Is There Room For Another 8,000 Subway Locations? Subway Thinks So

Today I learned there are 10 Subways within walking distance of the Consumerist Bat Cave (Philadelphia Branch).

Today I learned there are 10 Subways within walking distance of the Consumerist Bat Cave (Philadelphia Branch).

The way things stand right now, there are around 26,000 Subway restaurants in the U.S., nearly twice the total number of McDonald’s in the country. In fact, Subway is larger than the number of eateries operated by 30 of the nation’s top 50 food chains — combined. And yet, claims the company’s top exec, there is still room to grow.

In an interview with Bloomberg today, Subway founder and CEO Fred “Sandwich Artist Supreme” DeLuca said he believes the sandwich chain could still add around 7,000 to 8,000 new stores just in the U.S.

“Maybe it will take 10 years or so,” he told Bloomberg. “If we do a good job building consumer demand, that number might change and be higher.”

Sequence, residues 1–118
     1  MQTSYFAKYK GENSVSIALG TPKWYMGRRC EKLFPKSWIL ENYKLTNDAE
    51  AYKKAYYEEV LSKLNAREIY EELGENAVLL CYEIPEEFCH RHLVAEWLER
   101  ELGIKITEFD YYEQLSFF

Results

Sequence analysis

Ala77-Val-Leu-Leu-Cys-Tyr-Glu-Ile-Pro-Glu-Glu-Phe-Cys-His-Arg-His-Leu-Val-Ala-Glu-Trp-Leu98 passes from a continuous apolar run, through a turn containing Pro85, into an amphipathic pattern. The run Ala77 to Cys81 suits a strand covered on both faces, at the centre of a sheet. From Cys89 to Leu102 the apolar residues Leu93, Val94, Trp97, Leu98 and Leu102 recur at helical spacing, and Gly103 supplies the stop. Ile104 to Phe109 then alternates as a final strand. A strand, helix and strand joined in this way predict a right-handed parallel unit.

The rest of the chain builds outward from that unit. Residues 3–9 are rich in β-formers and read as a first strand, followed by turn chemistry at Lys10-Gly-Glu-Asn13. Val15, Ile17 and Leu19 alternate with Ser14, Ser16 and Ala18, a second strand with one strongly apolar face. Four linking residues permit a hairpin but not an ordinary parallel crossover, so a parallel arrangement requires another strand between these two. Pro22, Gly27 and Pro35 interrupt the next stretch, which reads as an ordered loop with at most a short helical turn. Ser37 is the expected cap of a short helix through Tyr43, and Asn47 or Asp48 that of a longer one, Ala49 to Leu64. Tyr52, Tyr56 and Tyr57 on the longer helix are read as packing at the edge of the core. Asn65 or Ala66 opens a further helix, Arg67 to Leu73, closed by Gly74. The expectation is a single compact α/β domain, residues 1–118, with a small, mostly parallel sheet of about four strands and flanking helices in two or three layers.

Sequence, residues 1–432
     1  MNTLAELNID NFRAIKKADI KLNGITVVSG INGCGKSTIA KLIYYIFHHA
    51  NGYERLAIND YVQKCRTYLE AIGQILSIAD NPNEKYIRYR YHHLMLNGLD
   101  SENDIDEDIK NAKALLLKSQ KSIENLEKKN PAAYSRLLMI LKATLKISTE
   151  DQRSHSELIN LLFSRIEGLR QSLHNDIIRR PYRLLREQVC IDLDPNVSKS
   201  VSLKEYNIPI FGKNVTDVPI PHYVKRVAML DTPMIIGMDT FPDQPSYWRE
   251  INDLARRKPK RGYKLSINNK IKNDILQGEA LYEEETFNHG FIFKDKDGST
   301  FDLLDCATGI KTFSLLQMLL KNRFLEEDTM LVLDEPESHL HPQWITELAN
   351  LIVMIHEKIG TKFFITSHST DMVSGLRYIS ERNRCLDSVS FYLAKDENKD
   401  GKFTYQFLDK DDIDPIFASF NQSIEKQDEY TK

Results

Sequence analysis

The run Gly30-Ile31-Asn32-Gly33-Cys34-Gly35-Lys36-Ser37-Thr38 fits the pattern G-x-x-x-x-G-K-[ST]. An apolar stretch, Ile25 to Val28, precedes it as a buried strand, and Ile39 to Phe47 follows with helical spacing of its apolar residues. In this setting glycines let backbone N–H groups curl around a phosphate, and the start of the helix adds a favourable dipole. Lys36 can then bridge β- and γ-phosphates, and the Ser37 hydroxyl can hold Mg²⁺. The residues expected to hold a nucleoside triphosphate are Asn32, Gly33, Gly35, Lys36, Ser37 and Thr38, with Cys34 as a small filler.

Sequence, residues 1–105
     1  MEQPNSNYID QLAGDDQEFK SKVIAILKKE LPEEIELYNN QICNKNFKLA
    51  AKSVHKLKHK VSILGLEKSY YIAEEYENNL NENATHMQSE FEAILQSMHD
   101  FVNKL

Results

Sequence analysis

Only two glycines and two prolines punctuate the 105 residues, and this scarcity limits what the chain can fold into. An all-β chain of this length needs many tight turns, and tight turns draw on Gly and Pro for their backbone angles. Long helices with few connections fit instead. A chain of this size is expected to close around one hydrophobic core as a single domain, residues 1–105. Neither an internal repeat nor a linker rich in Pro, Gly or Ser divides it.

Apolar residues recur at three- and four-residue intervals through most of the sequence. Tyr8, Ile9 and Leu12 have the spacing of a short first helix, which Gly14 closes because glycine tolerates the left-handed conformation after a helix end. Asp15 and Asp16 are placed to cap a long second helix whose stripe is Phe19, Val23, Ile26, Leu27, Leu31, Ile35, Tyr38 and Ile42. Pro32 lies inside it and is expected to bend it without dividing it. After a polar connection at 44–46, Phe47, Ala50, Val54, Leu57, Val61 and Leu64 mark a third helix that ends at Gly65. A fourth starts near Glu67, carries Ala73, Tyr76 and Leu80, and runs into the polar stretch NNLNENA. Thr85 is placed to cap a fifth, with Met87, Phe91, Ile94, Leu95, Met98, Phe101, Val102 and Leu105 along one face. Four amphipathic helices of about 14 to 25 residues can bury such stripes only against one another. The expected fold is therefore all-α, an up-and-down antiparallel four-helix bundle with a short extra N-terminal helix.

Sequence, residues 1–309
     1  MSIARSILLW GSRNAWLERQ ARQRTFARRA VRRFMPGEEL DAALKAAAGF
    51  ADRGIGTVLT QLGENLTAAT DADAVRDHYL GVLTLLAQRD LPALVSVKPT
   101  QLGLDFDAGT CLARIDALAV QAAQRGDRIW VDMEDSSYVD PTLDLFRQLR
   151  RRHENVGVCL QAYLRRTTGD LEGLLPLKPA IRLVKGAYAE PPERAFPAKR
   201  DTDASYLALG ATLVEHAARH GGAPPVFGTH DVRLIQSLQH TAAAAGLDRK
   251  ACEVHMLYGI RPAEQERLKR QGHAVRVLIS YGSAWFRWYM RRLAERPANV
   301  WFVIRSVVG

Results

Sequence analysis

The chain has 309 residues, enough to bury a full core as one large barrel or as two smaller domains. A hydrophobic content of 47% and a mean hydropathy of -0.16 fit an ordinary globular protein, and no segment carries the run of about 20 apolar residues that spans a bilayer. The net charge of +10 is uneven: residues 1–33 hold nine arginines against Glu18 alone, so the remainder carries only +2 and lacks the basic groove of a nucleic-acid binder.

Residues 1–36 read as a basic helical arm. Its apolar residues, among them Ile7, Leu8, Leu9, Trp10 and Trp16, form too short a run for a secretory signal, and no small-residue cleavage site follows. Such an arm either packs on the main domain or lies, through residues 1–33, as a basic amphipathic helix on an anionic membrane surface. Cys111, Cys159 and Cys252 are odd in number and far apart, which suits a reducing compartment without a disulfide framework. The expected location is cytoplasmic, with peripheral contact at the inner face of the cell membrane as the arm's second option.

In 2012, Subway added new restaurants at a rate of 2.6 per day, about three times the rate of Starbucks, the next-fastest growing chain that year. At that rate, the chain would add the 8,000 stores by somewhere around Christmastime 2022.

Using available data, one Consumerist reader tried to estimate Subway’s McFarthest point — the location in the lower 48 states that is the farthest distance from a Subway spot. His calculations came up with this spot in southwestern Oregon, not far from the Nevada or Idaho borders, but about a 4-hour drive (and then some difficult bike riding) to the original McFarthest spot in Nevada.

Of course at the rate that Subway has been opening up shops, this dot on the map probably has now two subways on opposite corners.

The 26,000 U.S. stores only accounts for a little more than 60% of the company’s 41,700 stores worldwide. Subway has been able to surpass McDonald’s in no small part because the locations don’t require a huge footprint, large kitchens or sizable support staff. The question is whether or not the chain’s relative low cost for entry could end up resulting in a Subway franchise bubble, or if there is indeed this much demand for sandwich artistry.

Speaking of which, Bloomberg also reports that Subway will be testing out hummus as a sandwich topping. What a world, huh?